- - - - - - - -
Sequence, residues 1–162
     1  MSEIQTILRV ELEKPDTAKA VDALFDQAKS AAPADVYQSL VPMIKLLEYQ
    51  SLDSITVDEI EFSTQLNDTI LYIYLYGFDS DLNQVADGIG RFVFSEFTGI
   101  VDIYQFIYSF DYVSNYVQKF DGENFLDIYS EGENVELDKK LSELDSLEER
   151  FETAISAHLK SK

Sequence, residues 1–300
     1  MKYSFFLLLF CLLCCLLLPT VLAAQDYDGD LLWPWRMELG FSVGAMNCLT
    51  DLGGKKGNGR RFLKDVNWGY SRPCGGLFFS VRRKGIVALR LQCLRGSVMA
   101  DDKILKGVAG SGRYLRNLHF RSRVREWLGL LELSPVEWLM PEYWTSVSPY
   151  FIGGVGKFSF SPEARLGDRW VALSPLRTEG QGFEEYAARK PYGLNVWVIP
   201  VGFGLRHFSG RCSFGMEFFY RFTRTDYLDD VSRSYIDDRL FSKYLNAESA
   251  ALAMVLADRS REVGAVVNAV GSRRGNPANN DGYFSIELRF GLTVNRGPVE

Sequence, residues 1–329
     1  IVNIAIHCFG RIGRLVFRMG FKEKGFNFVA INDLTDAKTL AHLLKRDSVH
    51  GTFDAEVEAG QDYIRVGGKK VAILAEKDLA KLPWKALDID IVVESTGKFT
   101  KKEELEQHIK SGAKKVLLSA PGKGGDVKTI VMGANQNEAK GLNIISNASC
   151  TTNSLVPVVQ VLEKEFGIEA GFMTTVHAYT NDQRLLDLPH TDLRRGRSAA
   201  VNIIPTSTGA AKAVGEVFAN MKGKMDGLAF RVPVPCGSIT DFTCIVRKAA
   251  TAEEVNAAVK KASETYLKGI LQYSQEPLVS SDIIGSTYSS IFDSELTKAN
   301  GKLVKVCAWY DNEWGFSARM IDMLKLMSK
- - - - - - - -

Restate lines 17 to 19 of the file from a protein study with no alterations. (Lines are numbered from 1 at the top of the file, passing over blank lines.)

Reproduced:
   151  TTNSLVPVVQ VLEKEFGIEA GFMTTVHAYT NDQRLLDLPH TDLRRGRSAA
   201  VNIIPTSTGA AKAVGEVFAN MKGKMDGLAF RVPVPCGSIT DFTCIVRKAA
   251  TAEEVNAAVK KASETYLKGI LQYSQEPLVS SDIIGSTYSS IFDSELTKAN